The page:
This is a question that every serious person asks at some point or other in one’s life. The interesting answer is that we are all holy in varying degrees. The two stories related to holiness that come to mind are those of Valmiki and St. Paul. One is from the Hindu scriptures, and the other from the Christian scriptures. Ratnakar, a highway robber, got converted due to sage Narada about to be robbed asking him if he knew his family for whom he robbed shared in the sin of his evil deed. The realization that his family did not share in his guilt opened his mind to repentance, conversion from his evil ways, and eventually to holiness. Ratnakar after his conversion became Valmiki. Saul a devout and fanatic Jew pursuing Christians to destroy them got knocked down from his horse and got converted through divine intervention to the way of Christ after hearing his reproaching voice, and became Paul. Both moved away from their evil ways, and became ardent devotees of God and their respective beliefs.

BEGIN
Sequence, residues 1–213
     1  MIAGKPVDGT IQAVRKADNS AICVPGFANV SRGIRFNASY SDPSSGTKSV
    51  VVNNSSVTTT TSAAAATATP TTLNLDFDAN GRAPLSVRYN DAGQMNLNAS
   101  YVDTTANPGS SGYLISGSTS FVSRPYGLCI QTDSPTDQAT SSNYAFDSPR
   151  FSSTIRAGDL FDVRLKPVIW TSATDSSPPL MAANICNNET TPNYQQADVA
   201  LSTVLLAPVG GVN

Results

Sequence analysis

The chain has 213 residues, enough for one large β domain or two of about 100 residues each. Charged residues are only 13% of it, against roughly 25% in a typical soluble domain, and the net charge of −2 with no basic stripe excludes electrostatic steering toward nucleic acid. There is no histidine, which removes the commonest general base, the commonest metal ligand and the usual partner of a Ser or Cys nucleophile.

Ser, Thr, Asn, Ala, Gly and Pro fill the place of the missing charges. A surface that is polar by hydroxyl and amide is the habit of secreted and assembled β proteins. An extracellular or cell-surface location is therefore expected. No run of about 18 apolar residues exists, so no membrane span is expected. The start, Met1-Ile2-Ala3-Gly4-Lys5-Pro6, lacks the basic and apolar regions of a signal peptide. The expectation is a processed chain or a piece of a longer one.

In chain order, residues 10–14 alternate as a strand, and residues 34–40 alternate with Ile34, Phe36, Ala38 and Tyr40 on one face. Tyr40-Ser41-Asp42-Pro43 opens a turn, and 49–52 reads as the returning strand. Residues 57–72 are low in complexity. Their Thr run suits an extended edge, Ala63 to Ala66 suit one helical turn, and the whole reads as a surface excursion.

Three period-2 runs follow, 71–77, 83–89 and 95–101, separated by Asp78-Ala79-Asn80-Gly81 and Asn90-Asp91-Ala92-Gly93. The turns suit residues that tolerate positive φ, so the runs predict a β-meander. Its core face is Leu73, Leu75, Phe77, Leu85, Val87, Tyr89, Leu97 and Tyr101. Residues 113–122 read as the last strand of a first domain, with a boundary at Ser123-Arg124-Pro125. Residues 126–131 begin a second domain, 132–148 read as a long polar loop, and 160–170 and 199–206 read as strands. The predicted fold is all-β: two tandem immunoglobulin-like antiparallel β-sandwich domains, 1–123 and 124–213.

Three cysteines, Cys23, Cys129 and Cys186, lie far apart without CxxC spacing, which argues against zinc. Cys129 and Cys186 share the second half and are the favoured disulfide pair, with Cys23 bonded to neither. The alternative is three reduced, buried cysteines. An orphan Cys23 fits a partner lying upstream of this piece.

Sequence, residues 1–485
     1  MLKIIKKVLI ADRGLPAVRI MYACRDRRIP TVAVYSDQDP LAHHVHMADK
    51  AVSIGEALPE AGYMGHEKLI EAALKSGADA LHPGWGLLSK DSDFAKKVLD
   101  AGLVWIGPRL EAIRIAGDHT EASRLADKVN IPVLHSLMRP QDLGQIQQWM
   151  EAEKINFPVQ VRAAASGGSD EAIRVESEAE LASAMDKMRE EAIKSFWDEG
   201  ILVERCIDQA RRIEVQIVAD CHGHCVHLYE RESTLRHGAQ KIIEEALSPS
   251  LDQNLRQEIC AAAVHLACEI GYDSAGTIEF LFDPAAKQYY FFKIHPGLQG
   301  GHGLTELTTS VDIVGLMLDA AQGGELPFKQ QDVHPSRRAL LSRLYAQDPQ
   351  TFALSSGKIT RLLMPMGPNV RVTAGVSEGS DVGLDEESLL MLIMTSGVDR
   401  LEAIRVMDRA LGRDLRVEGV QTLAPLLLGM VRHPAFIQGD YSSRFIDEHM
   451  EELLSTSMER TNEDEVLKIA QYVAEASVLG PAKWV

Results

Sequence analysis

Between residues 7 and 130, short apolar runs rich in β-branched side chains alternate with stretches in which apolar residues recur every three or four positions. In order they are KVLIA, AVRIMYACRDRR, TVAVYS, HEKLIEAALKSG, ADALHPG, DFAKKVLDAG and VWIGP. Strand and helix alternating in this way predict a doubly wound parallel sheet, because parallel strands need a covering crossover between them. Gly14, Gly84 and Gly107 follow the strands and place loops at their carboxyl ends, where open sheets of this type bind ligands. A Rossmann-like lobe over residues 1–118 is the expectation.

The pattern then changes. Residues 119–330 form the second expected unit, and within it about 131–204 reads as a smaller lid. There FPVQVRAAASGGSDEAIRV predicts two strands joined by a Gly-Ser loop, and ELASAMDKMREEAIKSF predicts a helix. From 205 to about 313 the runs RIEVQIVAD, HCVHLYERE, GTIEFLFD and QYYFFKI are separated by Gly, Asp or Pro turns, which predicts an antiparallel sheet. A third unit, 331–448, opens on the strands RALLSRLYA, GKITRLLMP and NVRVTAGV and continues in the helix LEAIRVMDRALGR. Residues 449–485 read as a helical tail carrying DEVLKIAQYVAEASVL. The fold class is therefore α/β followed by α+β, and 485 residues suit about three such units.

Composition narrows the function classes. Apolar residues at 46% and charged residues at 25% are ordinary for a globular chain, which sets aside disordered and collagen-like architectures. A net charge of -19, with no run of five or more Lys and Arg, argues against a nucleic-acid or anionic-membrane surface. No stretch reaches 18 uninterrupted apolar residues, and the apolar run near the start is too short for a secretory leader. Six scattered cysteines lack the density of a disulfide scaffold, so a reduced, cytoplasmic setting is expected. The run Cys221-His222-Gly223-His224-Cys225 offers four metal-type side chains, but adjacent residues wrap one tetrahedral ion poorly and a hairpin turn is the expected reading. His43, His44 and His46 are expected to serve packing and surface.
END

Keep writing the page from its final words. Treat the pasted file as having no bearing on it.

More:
To become holy, one needs to distinguish between good and evil, and follow the moral path that leads to holiness. The easy and the broad path filled with temptations leads to perdition. The difficult, narrow path full of obstacles leads to salvation. The moment we know good and bad, our conscience comes into existence. With a comprehensive system of desirable and virtuous attributes or qualities that may be called values we live a spirit-filled life according to the promptings of our conscience to arrive at holiness. Good living is holy living that is based on a solid value system. Only holy living can give lasting peace and satisfaction. Thus holiness that is within everyone’s reach is a challenge for all of us.
Swami Snehananda Jyoti